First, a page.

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HISTORY OF ENGLAND.
HENRY VIII. . Digression concerning the ecclesiastical state-Origin of the Re
formation-Martin Luther-Henry receives the title of Defender of the Faith-Causes of the progress of the Reformation-War with France Invasion of France-War with Scotland--A parliament-Invasion of France, Italian wars-- The king of France invades Italy-Battle of Pavia and captivity of Francis-Francis
recovers his liberty-Sack of Rome-League with France. DURING some years, many parts of Europe had been agitated with those religious controversies which produced the Reformation, one of the greatest events in history ; but as it was not till this time that the king of England publicly took part in the quarrel, we had no occasion to give any account of its rise and progress. It will now be necessary to explain these theological disputes; or, what is more material, to trace from their origin those abuses which so generally diffused the opinion, that a reformation of the church, or ecclesiastical order, was become highly expedient, if not absolutely necessary. We shall be better enabled to comprehend the subject, if we take the matter a little higher, and reflect a moment on the reasons why there must be an ecclesiastical order and a public establishment of religion in every civilized community. The importance of the present occasion will, I hope, excuse this short digression. vol. IV. .
Digression Most of the arts and professions in a state are che cerning of such a nature, that, while they promote the siastical interests of the society, they are also useful or
agreeable to some individuals; and in that case, the constant rule of the magistrate, except, perhaps, on the first introduction of any art, is to leave the profession to itself, and trust its encouragement to those who reap the benefit of it. The artisans, finding their profits to rise by the favour of their customers, increase, as much as possible, their skill and industry, and as matters are not disturbed by any injudicious tampering, the commodity is always sure to be at all times nearly proportioned to the demand.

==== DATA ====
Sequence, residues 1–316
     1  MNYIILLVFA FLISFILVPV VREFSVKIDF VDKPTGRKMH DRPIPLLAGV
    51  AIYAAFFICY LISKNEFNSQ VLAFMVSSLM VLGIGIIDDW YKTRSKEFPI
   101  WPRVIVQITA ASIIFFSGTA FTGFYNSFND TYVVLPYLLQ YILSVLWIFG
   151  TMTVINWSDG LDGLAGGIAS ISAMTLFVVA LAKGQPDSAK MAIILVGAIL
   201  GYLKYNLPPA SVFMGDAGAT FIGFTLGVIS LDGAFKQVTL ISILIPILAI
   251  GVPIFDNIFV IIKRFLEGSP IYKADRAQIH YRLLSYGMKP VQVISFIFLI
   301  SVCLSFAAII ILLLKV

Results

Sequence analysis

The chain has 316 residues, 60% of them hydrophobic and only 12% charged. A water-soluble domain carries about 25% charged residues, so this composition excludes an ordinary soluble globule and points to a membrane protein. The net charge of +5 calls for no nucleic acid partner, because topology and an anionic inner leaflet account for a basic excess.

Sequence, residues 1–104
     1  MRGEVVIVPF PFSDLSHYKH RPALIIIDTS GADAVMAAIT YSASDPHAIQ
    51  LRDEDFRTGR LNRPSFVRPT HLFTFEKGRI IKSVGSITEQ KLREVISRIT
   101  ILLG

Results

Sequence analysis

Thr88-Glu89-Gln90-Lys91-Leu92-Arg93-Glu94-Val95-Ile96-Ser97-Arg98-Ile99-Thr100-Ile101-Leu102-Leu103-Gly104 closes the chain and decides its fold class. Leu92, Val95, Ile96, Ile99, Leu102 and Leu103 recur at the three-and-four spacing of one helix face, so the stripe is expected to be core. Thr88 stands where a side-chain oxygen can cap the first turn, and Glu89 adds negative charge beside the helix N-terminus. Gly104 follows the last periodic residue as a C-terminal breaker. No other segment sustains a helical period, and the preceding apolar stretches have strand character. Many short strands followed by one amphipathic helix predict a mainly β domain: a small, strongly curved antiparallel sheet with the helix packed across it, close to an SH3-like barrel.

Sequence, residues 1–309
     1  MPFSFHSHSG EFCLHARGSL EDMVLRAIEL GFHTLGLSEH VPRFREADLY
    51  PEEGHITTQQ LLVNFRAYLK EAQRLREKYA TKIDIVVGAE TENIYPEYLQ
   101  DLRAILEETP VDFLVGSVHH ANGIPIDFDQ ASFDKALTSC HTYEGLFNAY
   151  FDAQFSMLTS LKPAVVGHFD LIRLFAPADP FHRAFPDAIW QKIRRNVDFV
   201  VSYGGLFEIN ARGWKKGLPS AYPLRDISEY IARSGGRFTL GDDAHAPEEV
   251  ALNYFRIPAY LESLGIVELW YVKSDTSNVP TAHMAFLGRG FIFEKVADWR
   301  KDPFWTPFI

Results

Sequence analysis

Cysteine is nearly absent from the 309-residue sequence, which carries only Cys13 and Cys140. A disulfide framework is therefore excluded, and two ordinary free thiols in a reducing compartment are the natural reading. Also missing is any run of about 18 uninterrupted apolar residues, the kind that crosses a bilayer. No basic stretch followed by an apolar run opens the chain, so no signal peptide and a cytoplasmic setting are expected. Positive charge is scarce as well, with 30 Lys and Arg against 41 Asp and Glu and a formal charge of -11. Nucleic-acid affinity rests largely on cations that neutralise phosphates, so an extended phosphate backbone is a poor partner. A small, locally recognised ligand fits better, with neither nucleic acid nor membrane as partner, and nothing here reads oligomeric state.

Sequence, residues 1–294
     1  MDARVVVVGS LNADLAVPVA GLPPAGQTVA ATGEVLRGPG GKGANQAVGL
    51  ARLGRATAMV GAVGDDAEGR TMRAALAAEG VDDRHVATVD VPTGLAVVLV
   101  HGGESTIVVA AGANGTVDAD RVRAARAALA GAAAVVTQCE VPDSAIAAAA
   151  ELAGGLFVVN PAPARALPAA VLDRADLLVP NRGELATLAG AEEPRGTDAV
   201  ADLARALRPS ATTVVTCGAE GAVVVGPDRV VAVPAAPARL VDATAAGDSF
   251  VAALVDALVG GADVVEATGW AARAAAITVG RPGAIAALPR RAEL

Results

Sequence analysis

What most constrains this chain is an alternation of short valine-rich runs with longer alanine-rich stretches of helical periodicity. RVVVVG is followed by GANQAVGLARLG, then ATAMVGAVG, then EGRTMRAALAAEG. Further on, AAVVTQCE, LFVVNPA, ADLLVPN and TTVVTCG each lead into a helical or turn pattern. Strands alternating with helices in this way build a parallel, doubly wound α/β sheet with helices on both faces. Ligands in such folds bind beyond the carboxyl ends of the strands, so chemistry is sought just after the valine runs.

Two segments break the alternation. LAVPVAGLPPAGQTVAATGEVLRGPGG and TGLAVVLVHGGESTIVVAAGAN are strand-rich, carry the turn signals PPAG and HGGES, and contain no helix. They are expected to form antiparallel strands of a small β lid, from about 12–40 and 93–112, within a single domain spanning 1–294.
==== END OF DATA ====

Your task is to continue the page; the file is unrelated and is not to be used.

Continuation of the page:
But there are also some callings which, though useful and even necessary in a state, bring no particular advantage or pleasure to any individual; and the supreme power is obliged to alter its conduct with regard to the retainers of those professions. It must give them public encouragement in order to their subsistence; and it must provide against that negligence, to which they will naturally be subject, either by annexing peculiar honours to the profession, by establishing a long subordination of ranks, and a strict dependance, or by some other expedient. The persons employed in the finances, armies, fleets, and magistracy, are instances of this order of men. · It may naturally be thought, at first sight, that the ecclesiastics belong to the first class, and that their encouragement, as well as that of lawyers and physicians, may safely be intrusted to the liberality of individuals, who are attached to their doctrines, and who find benefit or consolation from their spiritual ministry and assistance. Their industry and vigilance will, no doubt, be whetted by such an additional motive; and their skill in their profession, as well as their address in governing the minds of the people, must receive daily